I was reminded of that as I listened to this presentation by Kingsmill Bond (who, sadly, does not begin by saying, “The name’s Bond. Kingsmill Bond”) about the transition from fossil fuels to renewables.

Bond’s villains (see what I did there?) are not the coming predations of climate change, but the market disruptions we’re going to see as demand for fossil fuels peaks (which he says is going to happen in the 2020s) and then rapidly declines.

He argues the transition to renewables is happening because of necessity — global warming and pollution– policy and (rapidly developing and cheapening) technology. These are in turn driving emerging markets, which are expected to account for all future growth in energy demand, to adopt renewables rather than fossil fuels. He points out that China has already overtaken the United States in its investment in renewables and says India will follow.

Bond says that during a shift of this nature (he compares it to the transition from horses to cars), peak demand for the old technology occurs when penetration of the new technology is still quite low (the demand for horses in the US, he says, peaked in 1910 when cars were just “3% of their number.”) In terms of fossil fuels:

The 2020s will be the decade of fossil fuel demand peaks, as one bastion of fossil fuel demand after another is stormed and overwhelmed by the rising renewable tide.

Peak demand for fossil fuels, he says, will mean “falling prices, rising competition, sector disruption and stranded assets.” (He estimates fossil fuel companies have an astonishing $25 trillion worth of assets.)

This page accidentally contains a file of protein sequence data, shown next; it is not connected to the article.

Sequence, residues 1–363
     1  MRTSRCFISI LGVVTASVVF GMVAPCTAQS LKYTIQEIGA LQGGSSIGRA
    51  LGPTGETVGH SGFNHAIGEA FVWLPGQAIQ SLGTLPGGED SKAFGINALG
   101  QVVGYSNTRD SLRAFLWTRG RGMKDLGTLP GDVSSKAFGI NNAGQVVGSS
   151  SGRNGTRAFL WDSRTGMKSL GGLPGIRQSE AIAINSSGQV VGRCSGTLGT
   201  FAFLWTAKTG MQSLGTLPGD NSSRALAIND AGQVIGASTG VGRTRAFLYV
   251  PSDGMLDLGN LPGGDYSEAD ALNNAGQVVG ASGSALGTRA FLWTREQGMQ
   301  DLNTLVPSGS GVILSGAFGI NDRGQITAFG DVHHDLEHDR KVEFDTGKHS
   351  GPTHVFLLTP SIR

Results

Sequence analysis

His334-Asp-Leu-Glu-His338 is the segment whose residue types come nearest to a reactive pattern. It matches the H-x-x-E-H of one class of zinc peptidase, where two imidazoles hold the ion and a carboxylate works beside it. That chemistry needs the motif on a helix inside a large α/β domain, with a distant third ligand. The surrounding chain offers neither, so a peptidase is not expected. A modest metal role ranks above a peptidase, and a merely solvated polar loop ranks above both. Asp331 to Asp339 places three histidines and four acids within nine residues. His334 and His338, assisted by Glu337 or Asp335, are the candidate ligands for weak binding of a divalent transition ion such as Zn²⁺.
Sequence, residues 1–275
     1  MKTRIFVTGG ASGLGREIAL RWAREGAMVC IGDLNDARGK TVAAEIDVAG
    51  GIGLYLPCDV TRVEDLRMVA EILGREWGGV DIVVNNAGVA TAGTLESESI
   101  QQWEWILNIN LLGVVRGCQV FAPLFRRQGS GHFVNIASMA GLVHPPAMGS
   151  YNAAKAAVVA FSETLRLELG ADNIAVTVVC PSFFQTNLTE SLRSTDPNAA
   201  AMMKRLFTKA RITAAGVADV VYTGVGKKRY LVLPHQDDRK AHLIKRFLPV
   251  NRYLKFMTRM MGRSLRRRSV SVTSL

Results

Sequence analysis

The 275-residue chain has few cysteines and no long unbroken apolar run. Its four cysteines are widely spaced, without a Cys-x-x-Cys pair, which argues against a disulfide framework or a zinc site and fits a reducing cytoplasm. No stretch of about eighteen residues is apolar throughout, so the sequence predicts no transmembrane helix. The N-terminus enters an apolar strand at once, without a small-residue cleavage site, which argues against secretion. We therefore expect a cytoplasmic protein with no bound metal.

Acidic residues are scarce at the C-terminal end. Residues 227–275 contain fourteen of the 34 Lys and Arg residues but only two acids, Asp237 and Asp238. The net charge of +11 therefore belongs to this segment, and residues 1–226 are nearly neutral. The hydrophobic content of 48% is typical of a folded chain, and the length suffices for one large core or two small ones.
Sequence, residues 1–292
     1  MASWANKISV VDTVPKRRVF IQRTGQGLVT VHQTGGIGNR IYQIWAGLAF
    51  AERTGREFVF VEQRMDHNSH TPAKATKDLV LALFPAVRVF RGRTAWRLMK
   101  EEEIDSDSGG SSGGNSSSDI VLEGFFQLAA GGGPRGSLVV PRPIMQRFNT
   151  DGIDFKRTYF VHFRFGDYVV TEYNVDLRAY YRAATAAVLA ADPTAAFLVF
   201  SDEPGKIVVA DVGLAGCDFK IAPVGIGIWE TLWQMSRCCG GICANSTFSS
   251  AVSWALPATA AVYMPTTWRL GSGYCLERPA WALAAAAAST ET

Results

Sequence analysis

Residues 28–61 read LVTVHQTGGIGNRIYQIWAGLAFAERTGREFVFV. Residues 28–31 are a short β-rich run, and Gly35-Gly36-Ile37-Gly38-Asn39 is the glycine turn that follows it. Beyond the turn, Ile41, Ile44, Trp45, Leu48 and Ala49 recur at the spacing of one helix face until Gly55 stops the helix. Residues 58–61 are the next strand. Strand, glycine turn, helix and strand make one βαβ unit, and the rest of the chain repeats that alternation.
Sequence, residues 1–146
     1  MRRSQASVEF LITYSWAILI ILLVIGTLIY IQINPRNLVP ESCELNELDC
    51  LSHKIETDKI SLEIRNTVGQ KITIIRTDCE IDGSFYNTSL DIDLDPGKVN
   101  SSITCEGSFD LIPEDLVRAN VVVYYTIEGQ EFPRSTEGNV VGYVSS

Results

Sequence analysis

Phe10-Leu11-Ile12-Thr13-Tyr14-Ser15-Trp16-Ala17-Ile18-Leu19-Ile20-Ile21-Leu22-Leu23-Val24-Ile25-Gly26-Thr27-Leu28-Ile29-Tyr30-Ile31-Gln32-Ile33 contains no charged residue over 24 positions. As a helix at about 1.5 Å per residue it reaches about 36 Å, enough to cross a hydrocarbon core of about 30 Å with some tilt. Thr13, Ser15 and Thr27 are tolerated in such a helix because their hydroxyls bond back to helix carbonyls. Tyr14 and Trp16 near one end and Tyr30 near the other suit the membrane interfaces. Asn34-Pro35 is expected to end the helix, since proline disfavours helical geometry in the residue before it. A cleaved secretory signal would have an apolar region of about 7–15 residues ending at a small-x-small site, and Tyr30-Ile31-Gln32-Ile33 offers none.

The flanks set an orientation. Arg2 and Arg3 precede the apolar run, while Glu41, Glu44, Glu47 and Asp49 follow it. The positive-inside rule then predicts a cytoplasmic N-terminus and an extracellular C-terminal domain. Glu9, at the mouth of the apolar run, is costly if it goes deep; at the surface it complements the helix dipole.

Risks, he says (in the actual report, of which the video is a précis) abound:

There is systemic risk to financial markets as they seek to digest vast amounts of stranded fossil assets, country risk to petrostates that fail to reinvent themselves in time, and corporate risk in sectors across the world, from drilling to diesel engines, from transport to banks.

Graphically, the shift will look like this:

It seems it’s not something Canadians will be able to avoid — it’s just something (like climate change) to which we’ll have to adapt. And I’m guessing the sooner we start adapting the better.

I’m also guessing — and I wish I had time to graph it — that the popularity of climate-change denying, pro-fossil fuel politicians, like the crop currently flourishing in this country, will follow a trajectory similar to that of fossil fuels.


The Indy

I haven’t sung the praises of a local, independent news source in this space lately, so I’m going to use the subscription drive currently underway at The Independent in St. John’s as an excuse to talk about it.

The Indy, as it is known, started life in 2003 as an actual print newspaper that counted, at its peak, 40,000 Newfoundlanders as readers.

The print version suspended publication in 2008, a victim to the same forces that have claimed so many other print publications this past decade, but The Indy was revived as a digital-only publication in 2011 and has published continually since then.